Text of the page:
(This article was originally published at Statistics – John D. Cook, and syndicated at StatsBlogs.)

The beta-binomial model is the “hello world” example of Bayesian statistics. I would call it a toy model, except it is actually useful. It’s not nearly as complicated as most models used in application, but it illustrates the basics of Bayesian inference. Because it’s a conjugate model, the calculations work out trivially.

For more on the beta-binomial model itself, see A Bayesian view of Amazon Resellers and Functional Folds and Conjugate Models.

I mentioned in a recent post that the Kullback-Leibler divergence from the prior distribution to the posterior distribution is a measure of how much information was gained.

Here’s a little Python code for computing this. Enter the *a* and *b* parameters of the prior and the posterior to compute how much information was gained.

from scipy.integrate import quad from scipy.stats import beta as beta from scipy import log2 def infogain(post_a, post_b, prior_a, prior_b): p = beta(post_a, post_b).pdf q = beta(prior_a, prior_b).pdf (info, error) = quad(lambda x: p(x) * log2(p(x) / q(x)), 0, 1) return info

This code works well for medium-sized inputs. It has problems with large inputs because the generic integration routine `quad`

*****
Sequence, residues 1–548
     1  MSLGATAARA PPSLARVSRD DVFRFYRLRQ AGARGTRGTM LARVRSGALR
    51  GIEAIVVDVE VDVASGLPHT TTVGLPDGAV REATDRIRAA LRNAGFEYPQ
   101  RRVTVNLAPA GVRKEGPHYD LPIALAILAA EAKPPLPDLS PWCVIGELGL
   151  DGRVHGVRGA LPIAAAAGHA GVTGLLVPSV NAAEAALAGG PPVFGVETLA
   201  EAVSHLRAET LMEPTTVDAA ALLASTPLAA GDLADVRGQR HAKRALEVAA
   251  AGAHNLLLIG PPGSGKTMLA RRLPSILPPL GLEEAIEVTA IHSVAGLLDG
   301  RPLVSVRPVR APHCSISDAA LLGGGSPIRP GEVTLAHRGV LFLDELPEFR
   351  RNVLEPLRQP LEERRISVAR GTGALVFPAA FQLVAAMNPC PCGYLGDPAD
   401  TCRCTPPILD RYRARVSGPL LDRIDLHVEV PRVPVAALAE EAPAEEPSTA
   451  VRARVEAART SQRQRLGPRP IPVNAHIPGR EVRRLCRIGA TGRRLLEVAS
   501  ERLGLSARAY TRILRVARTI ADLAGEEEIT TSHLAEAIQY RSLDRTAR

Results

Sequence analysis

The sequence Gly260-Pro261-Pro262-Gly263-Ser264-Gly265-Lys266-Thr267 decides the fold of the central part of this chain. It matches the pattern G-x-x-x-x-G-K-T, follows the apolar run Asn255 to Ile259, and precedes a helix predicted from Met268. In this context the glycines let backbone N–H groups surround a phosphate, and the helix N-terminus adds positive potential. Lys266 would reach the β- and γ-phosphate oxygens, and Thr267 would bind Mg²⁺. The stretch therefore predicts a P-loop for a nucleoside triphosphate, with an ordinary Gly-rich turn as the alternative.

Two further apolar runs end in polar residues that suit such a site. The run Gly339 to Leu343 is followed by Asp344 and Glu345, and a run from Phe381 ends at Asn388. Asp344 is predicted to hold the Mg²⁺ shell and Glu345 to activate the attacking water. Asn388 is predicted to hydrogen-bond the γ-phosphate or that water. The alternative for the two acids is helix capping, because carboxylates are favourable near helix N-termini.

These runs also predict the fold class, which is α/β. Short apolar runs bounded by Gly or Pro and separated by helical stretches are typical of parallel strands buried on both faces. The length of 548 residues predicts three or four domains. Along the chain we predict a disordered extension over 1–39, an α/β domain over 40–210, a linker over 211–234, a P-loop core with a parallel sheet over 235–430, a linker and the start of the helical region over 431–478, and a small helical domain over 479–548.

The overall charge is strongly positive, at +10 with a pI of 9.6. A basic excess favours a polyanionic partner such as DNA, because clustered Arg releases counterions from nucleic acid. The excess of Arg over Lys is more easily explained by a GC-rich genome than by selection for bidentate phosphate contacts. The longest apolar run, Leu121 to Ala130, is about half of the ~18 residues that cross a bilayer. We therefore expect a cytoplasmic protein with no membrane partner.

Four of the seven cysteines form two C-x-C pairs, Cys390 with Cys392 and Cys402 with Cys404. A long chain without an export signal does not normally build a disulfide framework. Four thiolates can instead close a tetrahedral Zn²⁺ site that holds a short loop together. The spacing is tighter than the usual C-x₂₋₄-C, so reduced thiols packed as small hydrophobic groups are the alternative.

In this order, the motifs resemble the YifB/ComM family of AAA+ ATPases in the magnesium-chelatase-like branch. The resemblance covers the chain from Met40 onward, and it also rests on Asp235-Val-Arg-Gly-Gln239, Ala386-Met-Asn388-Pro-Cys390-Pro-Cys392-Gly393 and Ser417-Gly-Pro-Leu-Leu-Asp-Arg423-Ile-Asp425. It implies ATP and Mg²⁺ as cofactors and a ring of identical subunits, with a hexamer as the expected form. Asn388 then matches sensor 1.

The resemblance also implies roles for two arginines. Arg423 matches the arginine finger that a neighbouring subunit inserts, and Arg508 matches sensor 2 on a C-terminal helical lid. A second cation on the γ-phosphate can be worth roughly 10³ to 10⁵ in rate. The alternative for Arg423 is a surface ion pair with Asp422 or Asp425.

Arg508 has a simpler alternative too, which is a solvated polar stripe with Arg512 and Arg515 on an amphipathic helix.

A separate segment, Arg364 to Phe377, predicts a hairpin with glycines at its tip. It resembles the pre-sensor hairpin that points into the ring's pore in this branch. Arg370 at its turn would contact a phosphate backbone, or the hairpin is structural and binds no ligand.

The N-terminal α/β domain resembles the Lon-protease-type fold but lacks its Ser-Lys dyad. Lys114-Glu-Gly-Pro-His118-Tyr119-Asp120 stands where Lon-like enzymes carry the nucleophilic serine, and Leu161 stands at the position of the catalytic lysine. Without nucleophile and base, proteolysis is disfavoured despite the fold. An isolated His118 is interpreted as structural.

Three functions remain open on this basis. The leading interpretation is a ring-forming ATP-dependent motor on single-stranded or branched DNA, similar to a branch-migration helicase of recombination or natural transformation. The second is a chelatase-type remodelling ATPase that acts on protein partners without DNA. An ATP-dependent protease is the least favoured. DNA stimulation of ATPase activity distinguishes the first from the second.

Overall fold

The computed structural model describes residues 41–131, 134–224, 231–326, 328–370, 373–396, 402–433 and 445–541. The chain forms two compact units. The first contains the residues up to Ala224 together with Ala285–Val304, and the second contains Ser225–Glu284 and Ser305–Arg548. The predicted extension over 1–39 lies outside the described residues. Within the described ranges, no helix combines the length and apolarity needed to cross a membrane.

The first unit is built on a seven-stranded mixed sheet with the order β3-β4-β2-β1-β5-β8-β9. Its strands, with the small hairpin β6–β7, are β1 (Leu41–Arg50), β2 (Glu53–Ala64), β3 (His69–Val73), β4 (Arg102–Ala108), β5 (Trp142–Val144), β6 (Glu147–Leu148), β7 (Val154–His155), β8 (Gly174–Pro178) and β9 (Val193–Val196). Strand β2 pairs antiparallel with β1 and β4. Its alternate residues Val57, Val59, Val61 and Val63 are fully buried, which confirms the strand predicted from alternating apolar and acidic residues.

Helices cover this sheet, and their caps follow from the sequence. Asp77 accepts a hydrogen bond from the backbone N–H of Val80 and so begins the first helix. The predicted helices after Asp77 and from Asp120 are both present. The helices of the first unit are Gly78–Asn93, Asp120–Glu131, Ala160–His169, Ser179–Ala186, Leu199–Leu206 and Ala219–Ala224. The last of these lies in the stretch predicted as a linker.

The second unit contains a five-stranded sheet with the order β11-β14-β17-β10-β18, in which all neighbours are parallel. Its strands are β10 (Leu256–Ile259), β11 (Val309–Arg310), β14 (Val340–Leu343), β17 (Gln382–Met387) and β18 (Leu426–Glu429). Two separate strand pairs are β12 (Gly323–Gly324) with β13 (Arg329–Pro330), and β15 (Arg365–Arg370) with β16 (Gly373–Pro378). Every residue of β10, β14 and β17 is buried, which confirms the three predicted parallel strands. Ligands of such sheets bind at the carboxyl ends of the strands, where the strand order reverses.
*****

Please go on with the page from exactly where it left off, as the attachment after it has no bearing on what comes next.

needs some help when the beta distributions become more concentrated.

You can see that surprising input carries more information. For example, suppose your prior is beta(3, 7). This distribution has a mean of 0.3 and so your expecting more failures than successes. With such a prior, a success changes your mind more than a failure does. You can quantify this by running these two calculations.

print( infogain(4, 7, 3, 7) ) print( infogain(3, 8, 3, 7) )

The first line shows that a success would change your information by 0.1563 bits, while the second shows that a failure would change it by 0.0297 bits.

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